The government’s audit reform proposals fail to address the issue of climate change

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The government's announcement on audit and accounting reform, out this morning, refer to the significance of climate reporting. As they note:

The Government agrees with the Brydon Review recommendation and proposes to introduce a statutory requirement on public interest entities to publish an annual Resilience Statement, consolidating and building on the existing going concern and viability statements.

Included in this, they argue, is a requirement to consider climate change issues, saying:

[T]he Government would welcome views on whether the Resilience Statement as a whole, including the long-term section, should specifically address the impact of climate change on the company’s business model and financial planning.

They do, however, immediately close down debate on this issue by saying:

In this respect, views are invited on whether the Resilience Statement could provide a means for companies in futureto provide disclosures consistent with the recommendations of the Taskforce on Climate-related Financial Disclosures (TCFD), in whole or part.

So the actual choices on offer are:

  1. TCFD, or nothing.
  2. Audit the TCFD data, or not.

This is wholly inadequate. The Task Force on Climate-related Financial Disclosures are not fit for purpose when it comes to financial reporting. That is because as a result of the work I have been doing on sustainable cost accounting I have become pretty familiar with this thing:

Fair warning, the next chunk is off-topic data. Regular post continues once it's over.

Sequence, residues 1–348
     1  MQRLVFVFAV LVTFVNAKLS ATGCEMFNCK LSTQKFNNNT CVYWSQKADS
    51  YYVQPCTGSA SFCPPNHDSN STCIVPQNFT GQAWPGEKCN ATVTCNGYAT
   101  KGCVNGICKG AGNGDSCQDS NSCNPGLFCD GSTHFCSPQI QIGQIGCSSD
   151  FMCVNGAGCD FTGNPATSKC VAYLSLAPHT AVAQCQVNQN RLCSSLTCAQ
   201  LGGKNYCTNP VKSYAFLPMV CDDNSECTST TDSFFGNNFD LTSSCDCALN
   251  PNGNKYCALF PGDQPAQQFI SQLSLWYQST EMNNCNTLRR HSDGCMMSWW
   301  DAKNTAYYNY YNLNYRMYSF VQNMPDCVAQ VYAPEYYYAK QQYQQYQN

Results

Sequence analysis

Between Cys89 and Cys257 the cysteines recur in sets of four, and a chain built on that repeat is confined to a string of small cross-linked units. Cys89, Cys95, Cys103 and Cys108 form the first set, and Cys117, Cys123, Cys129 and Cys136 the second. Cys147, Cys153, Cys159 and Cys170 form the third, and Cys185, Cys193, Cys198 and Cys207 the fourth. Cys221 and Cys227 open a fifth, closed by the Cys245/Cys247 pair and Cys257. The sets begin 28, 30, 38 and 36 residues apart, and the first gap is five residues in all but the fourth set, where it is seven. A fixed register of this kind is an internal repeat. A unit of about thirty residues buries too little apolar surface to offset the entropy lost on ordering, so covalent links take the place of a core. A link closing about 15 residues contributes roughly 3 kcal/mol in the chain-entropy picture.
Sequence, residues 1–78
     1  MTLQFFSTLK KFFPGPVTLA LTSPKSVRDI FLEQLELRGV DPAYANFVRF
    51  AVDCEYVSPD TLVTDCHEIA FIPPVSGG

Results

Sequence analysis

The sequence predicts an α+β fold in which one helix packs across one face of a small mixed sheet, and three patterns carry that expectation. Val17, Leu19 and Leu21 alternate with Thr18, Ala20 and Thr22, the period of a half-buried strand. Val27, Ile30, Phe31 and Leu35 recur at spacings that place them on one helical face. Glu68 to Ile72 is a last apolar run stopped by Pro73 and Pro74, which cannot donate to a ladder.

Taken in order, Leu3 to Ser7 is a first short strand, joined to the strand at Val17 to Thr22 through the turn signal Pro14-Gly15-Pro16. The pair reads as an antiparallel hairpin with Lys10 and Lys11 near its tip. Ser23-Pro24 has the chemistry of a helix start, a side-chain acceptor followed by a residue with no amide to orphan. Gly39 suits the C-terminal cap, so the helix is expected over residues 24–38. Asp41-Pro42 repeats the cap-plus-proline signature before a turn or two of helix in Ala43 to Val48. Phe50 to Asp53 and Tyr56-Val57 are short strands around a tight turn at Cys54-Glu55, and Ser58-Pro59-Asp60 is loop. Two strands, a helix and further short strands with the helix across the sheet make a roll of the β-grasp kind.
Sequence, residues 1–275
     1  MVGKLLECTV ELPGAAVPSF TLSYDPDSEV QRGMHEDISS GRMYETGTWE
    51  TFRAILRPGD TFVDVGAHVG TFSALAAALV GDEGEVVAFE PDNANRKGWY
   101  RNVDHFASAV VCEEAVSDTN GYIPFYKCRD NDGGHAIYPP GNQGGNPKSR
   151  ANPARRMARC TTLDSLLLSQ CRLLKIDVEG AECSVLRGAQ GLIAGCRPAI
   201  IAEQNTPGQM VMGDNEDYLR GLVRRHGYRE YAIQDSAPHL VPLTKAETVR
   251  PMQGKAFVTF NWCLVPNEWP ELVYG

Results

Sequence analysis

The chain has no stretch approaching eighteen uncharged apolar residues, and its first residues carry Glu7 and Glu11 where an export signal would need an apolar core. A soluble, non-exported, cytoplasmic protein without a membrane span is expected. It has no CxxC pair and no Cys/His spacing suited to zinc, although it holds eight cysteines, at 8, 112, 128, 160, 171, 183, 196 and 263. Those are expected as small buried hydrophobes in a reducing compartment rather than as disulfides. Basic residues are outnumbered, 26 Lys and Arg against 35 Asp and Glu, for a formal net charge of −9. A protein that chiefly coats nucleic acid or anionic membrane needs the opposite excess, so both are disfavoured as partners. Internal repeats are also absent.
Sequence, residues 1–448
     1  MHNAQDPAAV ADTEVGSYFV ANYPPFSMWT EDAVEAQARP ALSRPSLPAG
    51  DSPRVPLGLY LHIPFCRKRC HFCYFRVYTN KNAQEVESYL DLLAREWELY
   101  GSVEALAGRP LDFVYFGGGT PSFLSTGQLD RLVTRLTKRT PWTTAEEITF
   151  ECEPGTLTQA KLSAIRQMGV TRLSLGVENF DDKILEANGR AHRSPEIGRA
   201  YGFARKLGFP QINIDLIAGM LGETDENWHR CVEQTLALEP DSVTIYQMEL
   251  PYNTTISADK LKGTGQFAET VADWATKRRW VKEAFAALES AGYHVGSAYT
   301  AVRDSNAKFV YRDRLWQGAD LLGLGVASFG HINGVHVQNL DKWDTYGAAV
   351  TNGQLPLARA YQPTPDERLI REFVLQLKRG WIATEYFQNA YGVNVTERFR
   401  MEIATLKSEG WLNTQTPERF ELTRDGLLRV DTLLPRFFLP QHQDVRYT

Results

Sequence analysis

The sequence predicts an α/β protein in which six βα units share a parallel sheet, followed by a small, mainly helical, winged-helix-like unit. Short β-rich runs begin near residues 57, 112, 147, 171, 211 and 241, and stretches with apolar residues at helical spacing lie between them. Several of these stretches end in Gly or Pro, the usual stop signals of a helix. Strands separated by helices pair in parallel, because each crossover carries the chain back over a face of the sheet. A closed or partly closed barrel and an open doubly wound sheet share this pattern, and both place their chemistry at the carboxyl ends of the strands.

The greenhouse gas protocol splits greenhouse gas emissions into three categories. Thankfully, they're pretty easy to define:

I've reproduced the Protocol's own description just to make clear that they really do think there's not much to this. Except that there is. And that's because right now business has decided for reasons all of its own that only Scope 1 and 2 emissions are of importance. Mark Carney's Task Force on Climate-related Financial Disclosures summarises its reporting requirements pretty succinctly as follows:

Note that category (b). It says that Scope 3 need only be disclosed ‘if appropriate'. And what defines 'appropriate'? Nip up to the top of the column and you will find it is when management think that it is 'where such information is material'.

And as it turns out, almost no one does seem to think Scope 3 is material. So we end up with the absurd situation where airports claim they are carbon-neutral because they ignore the emissions from the planes that fly from them and coal mines can make the same claim because they say someone else burns the coal that they mine, and they claim that's got nothing to do with them when glaringly obviously that's untrue.

My points then are very simple ones.

First, any accounting standard for greenhouse gas emissions that does not require Scope 3 disclosure is incomplete. In fact, it's not a standard worth calling by that name because it ignores a crucial issue.

And second, anyone who claims they are carbon-neutral and ignores their Scope 3 emissions is making a claim that is simply not true.

But now the government is saying that financial support should be linked to this wholly inappropriate standard. And that's wrong.

Thankfully there is a better option. That is sustainable cost accounting. That will work. And that's what financial support has to be linked to because it makes Scope 3 disclosure mandatory.

The government's proposals do not do that. And for that reason they fail to address the issue of climate change and accounting, whatever other failings there might be in the Task Force on Climate-related Financial Disclosures.